Stand and bow when the magistrate or judge enters and leaves the courtroom. Enter and leave a courtroom at an appropriate time, for example during a break in the proceeding, and exit without undue delay. Do not stand at the back of a courtroom.

If a witness is being sworn in or making an affirmation, do not move or speak. If you unknowingly enter a courtroom in this instance, stop until the oath is concluded.

Never move between the bar table and bench, or between a witness and the bar table and bench.

Tendering a document in court

If a document is to be tendered to the magistrate and the clerk of courts is not present, ask the magistrate for permission to approach the bench to tender the document.

For example say, ‘May I approach the bench, Your Honour?’.

Speaking in court

In a children’s court when being addressed by the magistrate from the body of the court, you may respond without standing.

In the magistrates’ court when being addressed by the magistrate you are required to stand before speaking. This protocol also applies to the county and supreme court jurisdictions.

Conversation in court rooms must be restricted to that which is reasonably necessary and must not interfere with the conduct of the proceedings.

Giving evidence

When asked to provide an address when being sworn in or making an affirmation, provide the address of the Department of Human Services office at which you are based.

Do not state your home address.

When giving evidence in the witness box, face and direct all answers and comments to the magistrate or judge.

When giving evidence:

  • listen to each question carefully
  • answer the question briefly and keep to the facts
  • be truthful and provide accurate information
  • speak clearly and use plain language
  • do not use acronyms or terms you cannot clearly define
  • remain calm and confident.

If you are unsure or do not know something, explain this honestly. If the matter is important to the proceedings, ask the court to stand the matter down to enable clarification of the information.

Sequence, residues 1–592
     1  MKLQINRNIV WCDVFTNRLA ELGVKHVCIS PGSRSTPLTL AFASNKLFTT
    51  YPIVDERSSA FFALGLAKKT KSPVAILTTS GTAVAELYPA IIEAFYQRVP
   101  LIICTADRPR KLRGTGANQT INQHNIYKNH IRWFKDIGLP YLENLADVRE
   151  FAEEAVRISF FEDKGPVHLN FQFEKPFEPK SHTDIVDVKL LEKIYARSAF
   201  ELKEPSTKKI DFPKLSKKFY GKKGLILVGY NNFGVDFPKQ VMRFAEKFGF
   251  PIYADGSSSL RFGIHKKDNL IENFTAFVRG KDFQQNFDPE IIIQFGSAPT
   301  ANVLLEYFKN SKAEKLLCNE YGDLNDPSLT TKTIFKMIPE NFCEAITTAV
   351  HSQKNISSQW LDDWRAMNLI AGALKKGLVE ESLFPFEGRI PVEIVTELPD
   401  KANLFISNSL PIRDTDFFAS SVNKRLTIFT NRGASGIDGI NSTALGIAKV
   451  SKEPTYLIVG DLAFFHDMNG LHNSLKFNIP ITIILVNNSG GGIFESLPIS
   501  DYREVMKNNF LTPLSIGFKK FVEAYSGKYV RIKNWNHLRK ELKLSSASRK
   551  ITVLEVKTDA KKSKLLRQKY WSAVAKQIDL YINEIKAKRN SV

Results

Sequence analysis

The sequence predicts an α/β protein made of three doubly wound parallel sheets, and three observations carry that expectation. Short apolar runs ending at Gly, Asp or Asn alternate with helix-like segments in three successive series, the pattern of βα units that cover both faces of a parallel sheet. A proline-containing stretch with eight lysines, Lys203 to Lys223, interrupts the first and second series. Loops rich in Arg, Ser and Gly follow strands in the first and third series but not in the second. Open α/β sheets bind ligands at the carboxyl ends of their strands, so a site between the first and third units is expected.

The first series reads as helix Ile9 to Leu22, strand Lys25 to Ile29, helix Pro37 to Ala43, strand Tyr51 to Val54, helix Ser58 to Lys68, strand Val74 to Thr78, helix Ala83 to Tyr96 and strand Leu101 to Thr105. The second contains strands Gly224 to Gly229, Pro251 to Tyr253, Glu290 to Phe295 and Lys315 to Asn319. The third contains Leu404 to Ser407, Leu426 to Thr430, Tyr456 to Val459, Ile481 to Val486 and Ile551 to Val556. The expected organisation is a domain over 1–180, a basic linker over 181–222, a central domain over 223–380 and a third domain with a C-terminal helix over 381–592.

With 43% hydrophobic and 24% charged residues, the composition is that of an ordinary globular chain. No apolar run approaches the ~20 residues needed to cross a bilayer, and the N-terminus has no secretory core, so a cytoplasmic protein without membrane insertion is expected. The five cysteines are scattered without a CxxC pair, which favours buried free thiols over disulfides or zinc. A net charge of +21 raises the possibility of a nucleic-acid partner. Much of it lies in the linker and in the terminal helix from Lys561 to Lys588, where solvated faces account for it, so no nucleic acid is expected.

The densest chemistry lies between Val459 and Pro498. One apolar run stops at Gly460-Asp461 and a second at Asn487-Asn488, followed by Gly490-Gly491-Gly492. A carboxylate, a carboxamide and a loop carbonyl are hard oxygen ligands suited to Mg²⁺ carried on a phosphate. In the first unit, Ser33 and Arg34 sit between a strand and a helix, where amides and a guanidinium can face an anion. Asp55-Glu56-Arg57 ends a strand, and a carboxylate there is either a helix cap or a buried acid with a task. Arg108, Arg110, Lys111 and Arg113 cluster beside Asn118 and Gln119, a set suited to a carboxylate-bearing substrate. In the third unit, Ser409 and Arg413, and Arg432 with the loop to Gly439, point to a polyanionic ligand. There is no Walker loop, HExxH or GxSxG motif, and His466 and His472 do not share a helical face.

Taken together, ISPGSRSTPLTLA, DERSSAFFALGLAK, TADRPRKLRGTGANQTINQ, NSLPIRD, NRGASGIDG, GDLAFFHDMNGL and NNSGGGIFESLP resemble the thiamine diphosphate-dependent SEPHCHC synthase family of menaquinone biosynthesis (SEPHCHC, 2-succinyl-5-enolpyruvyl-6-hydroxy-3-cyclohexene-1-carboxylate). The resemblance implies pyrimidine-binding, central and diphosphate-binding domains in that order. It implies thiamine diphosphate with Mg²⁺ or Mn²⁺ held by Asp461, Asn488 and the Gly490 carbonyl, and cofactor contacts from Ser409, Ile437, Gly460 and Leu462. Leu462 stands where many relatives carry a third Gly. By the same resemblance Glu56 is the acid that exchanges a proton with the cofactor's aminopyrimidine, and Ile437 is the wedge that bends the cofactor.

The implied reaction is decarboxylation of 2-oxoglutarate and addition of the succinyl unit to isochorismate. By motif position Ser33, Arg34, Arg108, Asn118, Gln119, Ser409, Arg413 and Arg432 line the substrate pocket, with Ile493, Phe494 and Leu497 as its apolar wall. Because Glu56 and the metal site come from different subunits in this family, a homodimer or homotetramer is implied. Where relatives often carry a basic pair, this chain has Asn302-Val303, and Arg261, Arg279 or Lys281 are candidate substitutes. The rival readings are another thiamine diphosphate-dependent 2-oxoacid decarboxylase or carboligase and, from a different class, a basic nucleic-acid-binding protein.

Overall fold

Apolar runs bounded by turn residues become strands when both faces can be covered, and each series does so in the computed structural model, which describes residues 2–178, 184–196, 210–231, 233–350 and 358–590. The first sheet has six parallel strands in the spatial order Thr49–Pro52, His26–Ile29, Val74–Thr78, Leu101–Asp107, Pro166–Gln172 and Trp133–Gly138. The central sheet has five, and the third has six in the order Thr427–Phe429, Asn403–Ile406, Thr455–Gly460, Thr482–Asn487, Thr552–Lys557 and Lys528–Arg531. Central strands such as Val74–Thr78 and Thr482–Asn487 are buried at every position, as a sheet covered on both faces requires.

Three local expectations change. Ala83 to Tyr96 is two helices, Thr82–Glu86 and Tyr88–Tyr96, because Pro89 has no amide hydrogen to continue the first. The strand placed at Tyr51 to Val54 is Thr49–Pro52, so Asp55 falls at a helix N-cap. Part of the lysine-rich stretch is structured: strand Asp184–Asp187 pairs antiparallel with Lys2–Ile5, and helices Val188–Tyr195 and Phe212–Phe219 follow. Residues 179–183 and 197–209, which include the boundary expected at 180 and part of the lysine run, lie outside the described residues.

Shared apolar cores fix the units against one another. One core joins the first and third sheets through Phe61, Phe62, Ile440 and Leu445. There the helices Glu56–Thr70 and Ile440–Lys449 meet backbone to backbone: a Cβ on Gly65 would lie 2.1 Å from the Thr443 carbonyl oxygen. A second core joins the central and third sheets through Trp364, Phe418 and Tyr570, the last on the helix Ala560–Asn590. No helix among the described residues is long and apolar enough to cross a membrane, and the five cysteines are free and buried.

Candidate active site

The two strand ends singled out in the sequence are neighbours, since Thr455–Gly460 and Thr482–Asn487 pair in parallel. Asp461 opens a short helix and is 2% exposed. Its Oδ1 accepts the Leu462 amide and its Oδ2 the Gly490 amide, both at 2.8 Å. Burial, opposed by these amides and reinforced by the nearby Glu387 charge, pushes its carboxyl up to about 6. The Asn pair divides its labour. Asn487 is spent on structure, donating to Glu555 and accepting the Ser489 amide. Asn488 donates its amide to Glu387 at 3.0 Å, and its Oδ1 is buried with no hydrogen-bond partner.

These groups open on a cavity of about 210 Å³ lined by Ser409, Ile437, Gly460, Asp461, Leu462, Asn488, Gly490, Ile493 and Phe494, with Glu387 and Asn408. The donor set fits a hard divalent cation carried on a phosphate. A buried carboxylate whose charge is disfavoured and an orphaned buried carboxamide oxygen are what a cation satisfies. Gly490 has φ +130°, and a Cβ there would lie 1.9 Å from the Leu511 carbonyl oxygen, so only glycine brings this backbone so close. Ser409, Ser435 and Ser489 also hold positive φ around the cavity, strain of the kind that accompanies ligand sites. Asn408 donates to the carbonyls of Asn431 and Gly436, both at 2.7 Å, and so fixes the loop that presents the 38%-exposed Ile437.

Ensure the information provided to the court does not contradict any written reports. If information has changed since the submission of a report, advise the court that, at the time of writing, the information was current and accurate.

If there is a need to refer to written material while in the witness box, request the permission of the magistrate or judge to do this. For example, ‘Your Honour, may I refer to my written notes/report?’

Do not leave the witness box until the magistrate or judge advises that you are excused. If necessary, ask permission to leave the witness box.

Mode of address

When addressing a legal representative in court use the titles Mr or Ms as appropriate.

Police officers are referred to by rank, such as constable, senior constable or sergeant.

In a children’s court a young person is referred to by their first name. In the adult jurisdiction a young person is referred to as Mr or Ms.

Security at court

Obey all instructions of court and security officers, including submitting to scans and other security measures of the court.

After court

After you leave the courtroom, discuss the outcome with the young person.

If the young person receives an order:

  • Ensure they understand the order that has been made and the expectations on them to comply with standards and special conditions.
  • Explain any comments made by the court during the hearing (for example, reasons for ordering a particular sentence or special condition), or any rehabilitative programs the young person is expected to participate in during their sentence.
  • Tell the young person they must report to the designated youth justice office within two working days and provide contact and appointment details.

If the young person has attended court accompanied by a youth justice worker, that worker must obtain a record of all relevant documentation, including the court order, and check that the records are correct.

The legal representative will also discuss the order and its consequences with the young person.